1. Lent 2012
During Lent, sermons and questions about the scriptures have been posted on Trinity’s blog to encourage members of the congregation to think about the message during the week and respond. The scripture readings and a link to the blog were sent out in a weekly email, and a link to the blog was posted on the church’s Facebook. The questions were also handed out on Sunday for people to take home and use in personal reflection or group Bible study. We have only used two readings in order to narrow the focus. Finally, we put blank papers in the bulletins for people to use for writing their ideas or reflections. A cross in the back of the church has been the place where people can offer these reflections. As more papers are placed on the cross, it serves as a visual reminder.
Lent is a good time to encourage Bible study—people are willing to do something more about their faith at this time. But we have not been successful in building attendance at Bible study programs. We know that people are listening to the message; we hope for evidence that they are thinking about it as well. Since this system allows responses to remain private, we thought it would be less threatening than a conversation-based approach. We intend to measure the responses generated.
As Lent ends, we can see that hits on the blog averaged about 1/5th to 1/3rd of average Sunday attendance. In addition, at least one Bible study group began, using the questions provided. The cross in church has averaged 15 or so responses a week. In addition, at least one person each week has written their ideas in a blank book so that others can read their ideas. This program responded to all three of our challenges.
2. 21st Century Communication of the Good News
Based on the response from the Lenten program described above, we are going to build on the potential of our electronic communication tools. We will continue to post sermons and send out email links. We are going to teach people how to access and respond to the blog, using a Sunday morning teaching time for this. We are also going to set up the sermon recordings as a podcast. We will make improvements to the blog to build this as a center of communication.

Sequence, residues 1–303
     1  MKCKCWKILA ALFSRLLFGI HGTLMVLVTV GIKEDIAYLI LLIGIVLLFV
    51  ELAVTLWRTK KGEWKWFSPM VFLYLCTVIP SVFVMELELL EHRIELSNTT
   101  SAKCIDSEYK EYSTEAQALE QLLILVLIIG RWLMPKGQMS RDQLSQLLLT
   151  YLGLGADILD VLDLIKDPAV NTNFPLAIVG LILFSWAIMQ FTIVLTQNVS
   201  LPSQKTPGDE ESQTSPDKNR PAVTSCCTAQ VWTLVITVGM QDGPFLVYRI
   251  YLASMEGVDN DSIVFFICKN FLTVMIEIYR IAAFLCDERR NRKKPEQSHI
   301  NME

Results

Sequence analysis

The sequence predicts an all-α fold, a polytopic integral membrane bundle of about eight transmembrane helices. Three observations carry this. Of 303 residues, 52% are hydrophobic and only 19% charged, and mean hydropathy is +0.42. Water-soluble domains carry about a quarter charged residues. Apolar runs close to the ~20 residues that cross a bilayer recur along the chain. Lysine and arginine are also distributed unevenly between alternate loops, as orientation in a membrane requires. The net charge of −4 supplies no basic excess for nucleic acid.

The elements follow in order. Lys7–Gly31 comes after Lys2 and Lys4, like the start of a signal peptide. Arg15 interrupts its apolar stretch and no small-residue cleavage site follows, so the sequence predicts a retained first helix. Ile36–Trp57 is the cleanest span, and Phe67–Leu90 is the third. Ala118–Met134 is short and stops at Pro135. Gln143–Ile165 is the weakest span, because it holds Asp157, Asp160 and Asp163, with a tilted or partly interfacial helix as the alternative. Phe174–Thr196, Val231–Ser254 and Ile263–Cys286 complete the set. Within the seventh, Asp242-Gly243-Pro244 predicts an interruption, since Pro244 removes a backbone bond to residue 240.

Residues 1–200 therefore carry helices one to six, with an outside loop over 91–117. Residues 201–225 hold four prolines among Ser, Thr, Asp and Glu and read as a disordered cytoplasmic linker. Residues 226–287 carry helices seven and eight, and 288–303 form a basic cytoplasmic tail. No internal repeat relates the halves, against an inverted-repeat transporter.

Based on the response to the Lenten program, we think we are on the right track—there does seem to be interest in reading and responding to Sunday’s message in the week ahead. But we discovered technological barriers: posting on the blog was difficult for some people, plus not everyone is familiar with these modern things called blogs and so did not know what to do. Since getting people to gather at a time other than Sunday continues to be an issue, we want to create as many ways as possible for people to connect to the message without having to come to the church. We will continue to monitor use and adjust.
The Lenten obligation is a strong motivator. We do not know whether or not we will generate as much interest once Lent is over. Still, this is a good way to try to connect with people outside of Sunday morning and we expect this to be long-term process of changing behavior.
3. Bible Study Resources
Trinity subscribes to a one-page Bible study resource called Synthesis, which provide background and context for reading the Sunday scriptures. Use of this resource went up during our Lenten program. We plan to promote these materials through announcements and newsletter articles, and by putting copies of Synthesis in all the bulletins now and then during the summer. This will give information for preparing for the following Sunday.
Our second discovery is that people want to know more about the Bible, but we have not been successful in establishing well-attended Bible study programs. By offering the resources, we hope to meet the need and encourage members to engage in their own Bible study. We will know we are successful when more people are taking the materials provided.
This path doesn’t take much effort, and having the materials could be a first step toward talking in a Bible study, so this is a step toward challenges 2 and 3.
4. Community Art Wall
This isn’t about preaching, but Trinity has a blank wall in its parish hall which we use for displaying art shows. During the summer we plan to invite people to submit pictures of where they encounter God in their lives. We will post these pictures on collage bulletin boards for all to see.
As mentioned before, we have been somewhat successful in using “props” to engage the congregation in responding to the Word. However, these responses work because they are spontaneous and small, not the product of much thought or effort. In addition, the congregation grows tired of too many sermon projects. So we thought we would move the response opportunity out of the worship service and into the community life of the congregation. This will require more effort on the part of the people, but also allows for creativity. Our success can be measured by the numbers of pictures and the interest they generate.
This project has the potential of bridging the gap between church and the rest of life. Since it will go on all summer, we have lots of time to communicate and receive responses. We have been more successful in getting spontaneous responses—people writing an idea down in church in response to a sermon—but our Lenten program has opened the door to people bringing a response to church. We hope that people will be able to explain the pictures they submit, which will help us begin to hear each other’s interpretations, which is our third challenge.